"You may send the manuscript to Jayadvaita or Hayagriva for editing and printing with Dai Nippon." Letter to Hansaduta -- Jaipur 20 January, 1972

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Why aren't scholars praising the second edition of the Gītā, the way they praised the first?


So many scholars praised the original edition of Bhagavad-gita As It Is. Have any praised the revised edition? Not that we know of. Why not? It must be because they haven't accepted it. That is, they accepted the first but rejected the second. Why else would they not have come forward to praise it?


The answer is simple:

Scholars have ceased coming forward to offer praises because we've ceased asking scholars to do so.

In the mid and late 1970s, devotees working with the BBT and its Library Party were exceedingly active in approaching academics for reviews of Srila Prabhupada's books. Devotees went from university to university, college to college, in America, in Europe, and elsewhere, collecting orders for Srila Prabhupada's books and soliciting reviews.Similarly, Srila Prabhupada's disciples like Subhananda Dasa made a full-time service of cultivating relationships with academics, arranging for reviews, and so on.

After the Library Party crisscrossed America and Europe, it eventually disbanded. (How many times can you approach the same libraries to buy the same books?) The vigorous efforts to solicit reviews also ceased.

And you don't ask, you don't get.

Would approaching newer scholars for reviews be a good idea? Sure, why not? (No one is doing it, so the service is available.)

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Where does it end?


If you change now, you’re opening the door to changes later. You’re setting a precedent.


This is a sensible argument. The BBT editors and trustees have carefully considered it. But in a book where mistakes are so plentiful, the reverse is equally possible: If the BBT’s present editors didn't fix them, someone later would have.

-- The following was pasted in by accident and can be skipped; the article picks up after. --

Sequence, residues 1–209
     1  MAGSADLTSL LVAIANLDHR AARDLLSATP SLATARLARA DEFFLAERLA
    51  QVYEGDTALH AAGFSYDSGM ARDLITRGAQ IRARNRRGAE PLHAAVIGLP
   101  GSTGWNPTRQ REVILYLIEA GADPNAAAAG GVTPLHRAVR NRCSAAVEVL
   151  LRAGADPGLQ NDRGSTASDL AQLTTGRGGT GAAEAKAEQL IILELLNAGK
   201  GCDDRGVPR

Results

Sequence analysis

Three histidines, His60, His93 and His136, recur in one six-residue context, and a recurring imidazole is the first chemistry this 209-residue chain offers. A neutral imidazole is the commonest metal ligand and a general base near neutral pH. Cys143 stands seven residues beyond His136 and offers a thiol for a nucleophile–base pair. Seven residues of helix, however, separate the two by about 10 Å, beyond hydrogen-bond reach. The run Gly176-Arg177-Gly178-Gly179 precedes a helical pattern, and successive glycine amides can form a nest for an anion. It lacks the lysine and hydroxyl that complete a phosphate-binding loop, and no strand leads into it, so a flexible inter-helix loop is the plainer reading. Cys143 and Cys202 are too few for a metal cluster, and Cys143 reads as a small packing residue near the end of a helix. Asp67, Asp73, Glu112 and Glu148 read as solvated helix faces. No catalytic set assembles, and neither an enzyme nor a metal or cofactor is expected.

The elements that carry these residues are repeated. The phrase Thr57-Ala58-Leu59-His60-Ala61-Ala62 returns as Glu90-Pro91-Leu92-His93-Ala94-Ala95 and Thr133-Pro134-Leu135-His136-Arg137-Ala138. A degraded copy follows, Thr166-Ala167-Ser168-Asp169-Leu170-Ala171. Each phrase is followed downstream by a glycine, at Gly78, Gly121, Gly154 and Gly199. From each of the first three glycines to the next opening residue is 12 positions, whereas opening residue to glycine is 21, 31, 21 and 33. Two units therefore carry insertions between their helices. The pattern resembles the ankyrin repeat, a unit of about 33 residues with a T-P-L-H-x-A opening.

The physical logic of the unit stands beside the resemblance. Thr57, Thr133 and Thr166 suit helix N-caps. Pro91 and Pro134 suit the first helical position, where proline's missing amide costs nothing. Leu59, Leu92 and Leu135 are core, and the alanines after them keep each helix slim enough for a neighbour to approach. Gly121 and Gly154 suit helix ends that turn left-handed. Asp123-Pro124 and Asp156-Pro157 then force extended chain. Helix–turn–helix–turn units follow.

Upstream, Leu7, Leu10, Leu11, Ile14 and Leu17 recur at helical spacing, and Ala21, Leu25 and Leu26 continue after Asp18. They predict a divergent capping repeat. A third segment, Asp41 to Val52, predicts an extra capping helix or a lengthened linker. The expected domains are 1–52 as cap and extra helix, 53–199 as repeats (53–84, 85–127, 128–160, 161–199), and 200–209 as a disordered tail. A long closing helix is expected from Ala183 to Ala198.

The BBT trustees could pass a law: “Absolutely no changes.” But trustees who come in the future could just as easily overturn it.

Therefore the BBT editors and editors have chosen a different course, the course followed by publishing houses that set the highest standards for professionalism and integrity: We strive to publish books in editions that fix errors, restore lost material, and thereby stick as closely and faithfully as possible to the letter, spirit, and intention of what the author originally gave.

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Shouldn’t the BBT make both editions of the Gītā available—the old one and the new?


Shouldn’t the BBT make both editions of the Gītā available—the old one and the new? 


 We do. In fact, the BBT has been doing it for many years. 

Most devotees prefer the new edition, which sticks more closely to what Śrīla Prabhupāda originally wrote and dictated, but we keep the old edition available for those who prefer it.

According to Gaudacandra Prabhu, the BBT secretary in Los Angeles, here are the BBT sales figures (current through 2008) :

From 1/1/2007 through 4/7/2008: 

Bhagavad-gītā First Edition: 550 copies

Bhagavad-gīta Second Edition: 36,150 copies